Look at side views of Chevrolet pickups for the past 40 years. Notice how they share a low, wide profile?
Not so with the Cheyenne pickup concept that debuted at the Detroit auto show in January. The hood is not as long - it's higher. In fact, the truck's entire height is more than 4 inches taller than the 2003 Chevrolet Silverado.
With its swept roofline, the Cheyenne's cab is thrust forward, giving it a commanding presence. And the wheels have been repositioned at the corners to signal stability and cargo capability.
While a lot of attention was focused on the new Nissan Titan and redesigned Ford F-150, the Cheyenne crew cab also was intended to shake things up by showing the world The General is heading for a radical redesign for its full-sized pickups in the 2008 model year.
"We thought a cleaner, more integrated shape would draw a younger, more educated buyer," says the man who drew the Cheyenne's exterior, Jeff Angeleri. That, and touches such as side access doors to the rear bed.
"There are two ways to look at a pickup truck today," he says. "You can say, 'I have a basic surface vehicle,' then I add things on to it to make it look like a four-wheel drive. Or I take things off of it to make it look like a sport truck. Or I paint the bumpers, or I don't paint the bumpers. Or I add a brush guard to make it look tough. But my philosophy on the DNA is that it had to look tough from the underneath."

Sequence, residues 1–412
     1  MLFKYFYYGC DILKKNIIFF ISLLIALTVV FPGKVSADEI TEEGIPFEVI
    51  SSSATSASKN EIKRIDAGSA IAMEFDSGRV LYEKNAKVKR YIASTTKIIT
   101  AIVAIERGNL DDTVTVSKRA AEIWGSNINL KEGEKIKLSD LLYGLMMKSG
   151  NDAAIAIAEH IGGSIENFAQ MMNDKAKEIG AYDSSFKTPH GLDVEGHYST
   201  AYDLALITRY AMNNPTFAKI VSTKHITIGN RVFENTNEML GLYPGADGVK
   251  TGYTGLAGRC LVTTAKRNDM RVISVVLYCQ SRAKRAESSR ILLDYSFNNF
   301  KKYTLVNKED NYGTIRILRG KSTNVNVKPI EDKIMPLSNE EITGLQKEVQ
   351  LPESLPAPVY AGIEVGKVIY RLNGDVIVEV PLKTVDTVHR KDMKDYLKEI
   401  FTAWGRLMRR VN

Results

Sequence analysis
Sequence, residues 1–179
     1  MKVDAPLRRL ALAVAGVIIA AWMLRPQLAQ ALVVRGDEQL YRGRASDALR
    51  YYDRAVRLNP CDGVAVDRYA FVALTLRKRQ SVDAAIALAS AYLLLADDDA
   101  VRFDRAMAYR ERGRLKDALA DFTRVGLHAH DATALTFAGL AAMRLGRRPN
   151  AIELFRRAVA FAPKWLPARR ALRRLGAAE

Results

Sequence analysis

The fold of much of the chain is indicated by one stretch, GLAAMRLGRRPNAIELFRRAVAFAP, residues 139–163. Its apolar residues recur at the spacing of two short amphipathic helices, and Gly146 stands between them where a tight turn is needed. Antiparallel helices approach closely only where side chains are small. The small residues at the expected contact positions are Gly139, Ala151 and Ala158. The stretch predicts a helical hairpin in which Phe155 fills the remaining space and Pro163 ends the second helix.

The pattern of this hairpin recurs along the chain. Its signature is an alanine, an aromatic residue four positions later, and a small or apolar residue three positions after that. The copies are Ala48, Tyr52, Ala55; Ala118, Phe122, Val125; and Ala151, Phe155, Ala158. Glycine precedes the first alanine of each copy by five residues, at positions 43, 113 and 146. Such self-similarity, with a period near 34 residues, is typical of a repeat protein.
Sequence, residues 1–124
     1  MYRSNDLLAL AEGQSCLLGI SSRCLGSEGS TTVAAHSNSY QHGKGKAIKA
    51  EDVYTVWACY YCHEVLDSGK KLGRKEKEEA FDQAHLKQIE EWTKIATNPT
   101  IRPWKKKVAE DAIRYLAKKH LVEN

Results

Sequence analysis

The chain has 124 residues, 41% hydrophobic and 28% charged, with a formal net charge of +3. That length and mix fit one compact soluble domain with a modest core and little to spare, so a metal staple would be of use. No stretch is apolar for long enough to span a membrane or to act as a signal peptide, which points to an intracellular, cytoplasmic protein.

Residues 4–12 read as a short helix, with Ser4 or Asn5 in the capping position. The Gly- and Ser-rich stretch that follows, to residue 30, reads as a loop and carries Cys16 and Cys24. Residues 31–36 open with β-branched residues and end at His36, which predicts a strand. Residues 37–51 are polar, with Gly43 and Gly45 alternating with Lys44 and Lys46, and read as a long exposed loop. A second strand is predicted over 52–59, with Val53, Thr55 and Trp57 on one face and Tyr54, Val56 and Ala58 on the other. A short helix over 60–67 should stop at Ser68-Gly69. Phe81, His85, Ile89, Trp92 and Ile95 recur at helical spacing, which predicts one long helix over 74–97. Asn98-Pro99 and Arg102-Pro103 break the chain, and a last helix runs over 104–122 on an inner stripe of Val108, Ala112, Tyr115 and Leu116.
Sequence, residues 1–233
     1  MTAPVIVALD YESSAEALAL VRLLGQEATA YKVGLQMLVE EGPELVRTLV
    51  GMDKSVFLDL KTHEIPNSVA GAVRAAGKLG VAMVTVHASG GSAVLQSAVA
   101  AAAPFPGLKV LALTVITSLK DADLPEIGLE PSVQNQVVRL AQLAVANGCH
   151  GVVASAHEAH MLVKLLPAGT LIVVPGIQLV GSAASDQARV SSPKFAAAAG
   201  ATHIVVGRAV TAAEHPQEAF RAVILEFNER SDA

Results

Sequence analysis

It's what GM calls "rugged elegance."
GM was so serious about the Cheyenne that for about three months it had designers study the history of pickups and the lifestyles of those who drive them before they were asked for drawings.
"There is no question that we were sketching the whole time," says Angeleri, 31, a tall, slender New Jersey native with dark hair and glasses. "But you held back. Whatever doodles you were doing as you were trying to understand, it was like a back-and-forth."
While the Cheyenne is as much about protecting turf as it is breaking with convention, it has something in common with the import brands. Angeleri understands how the competition approaches design. He should. He used to work for Honda. His first project as a designer was in 1995 as an assistant on the Acura MDX sport wagon.
"When Jeff came here from the big H (Honda), he brought a sense of integration and simplicity that wasn't embraced here by certain leaders," says Clay Dean, who works with Angeleri at GM's design center. "To them it had a blandness to it. To us in the studio, it had a sense of purity and straightforwardness."
Fortunately for Angeleri, one key GM executive didn't think that way. And fortunately that executive was product czar Robert Lutz.
Angeleri recalls Lutz's reaction when he submitted what became the sketch that became the Cheyenne:
"When he first saw it, he compared it to the Harley Earl era of GM design: voluptuous, simple, and with a refinement of form and shape not seen in recent years. Wow, what a compliment."
Lutz approved the concept based on the sketch.